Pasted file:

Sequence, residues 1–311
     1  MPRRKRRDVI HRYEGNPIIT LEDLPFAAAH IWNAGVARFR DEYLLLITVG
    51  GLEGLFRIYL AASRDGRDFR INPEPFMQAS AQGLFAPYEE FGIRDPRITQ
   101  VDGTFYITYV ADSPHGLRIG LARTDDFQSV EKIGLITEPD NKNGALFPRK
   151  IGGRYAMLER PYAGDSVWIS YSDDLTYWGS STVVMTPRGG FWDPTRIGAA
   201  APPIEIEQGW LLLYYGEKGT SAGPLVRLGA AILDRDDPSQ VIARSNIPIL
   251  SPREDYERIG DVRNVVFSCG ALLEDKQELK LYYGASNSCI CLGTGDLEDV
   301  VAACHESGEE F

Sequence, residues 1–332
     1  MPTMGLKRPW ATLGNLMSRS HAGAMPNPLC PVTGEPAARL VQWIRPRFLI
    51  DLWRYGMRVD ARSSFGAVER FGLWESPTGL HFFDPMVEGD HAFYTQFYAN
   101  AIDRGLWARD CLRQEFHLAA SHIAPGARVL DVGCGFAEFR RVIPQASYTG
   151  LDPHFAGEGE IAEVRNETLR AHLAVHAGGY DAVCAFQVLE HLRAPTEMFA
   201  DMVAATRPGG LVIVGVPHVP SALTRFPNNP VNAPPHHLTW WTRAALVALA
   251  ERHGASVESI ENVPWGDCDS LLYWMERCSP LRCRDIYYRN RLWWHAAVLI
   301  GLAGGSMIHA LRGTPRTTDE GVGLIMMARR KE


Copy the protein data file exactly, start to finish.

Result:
Sequence, residues 1–311
     1  MPRRKRRDVI HRYEGNPIIT LEDLPFAAAH IWNAGVARFR DEYLLLITVG
    51  GLEGLFRIYL AASRDGRDFR INPEPFMQAS AQGLFAPYEE FGIRDPRITQ
   101  VDGTFYITYV ADSPHGLRIG LARTDDFQSV EKIGLITEPD NKNGALFPRK
   151  IGGRYAMLER PYAGDSVWIS YSDDLTYWGS STVVMTPRGG FWDPTRIGAA
   201  APPIEIEQGW LLLYYGEKGT SAGPLVRLGA AILDRDDPSQ VIARSNIPIL
   251  SPREDYERIG DVRNVVFSCG ALLEDKQELK LYYGASNSCI CLGTGDLEDV
   301  VAACHESGEE F

Sequence, residues 1–332
     1  MPTMGLKRPW ATLGNLMSRS HAGAMPNPLC PVTGEPAARL VQWIRPRFLI
    51  DLWRYGMRVD ARSSFGAVER FGLWESPTGL HFFDPMVEGD HAFYTQFYAN
   101  AIDRGLWARD CLRQEFHLAA SHIAPGARVL DVGCGFAEFR RVIPQASYTG
   151  LDPHFAGEGE IAEVRNETLR AHLAVHAGGY DAVCAFQVLE HLRAPTEMFA
   201  DMVAATRPGG LVIVGVPHVP SALTRFPNNP VNAPPHHLTW WTRAALVALA
   251  ERHGASVESI ENVPWGDCDS LLYWMERCSP LRCRDIYYRN RLWWHAAVLI
   301  GLAGGSMIHA LRGTPRTTDE GVGLIMMARR KE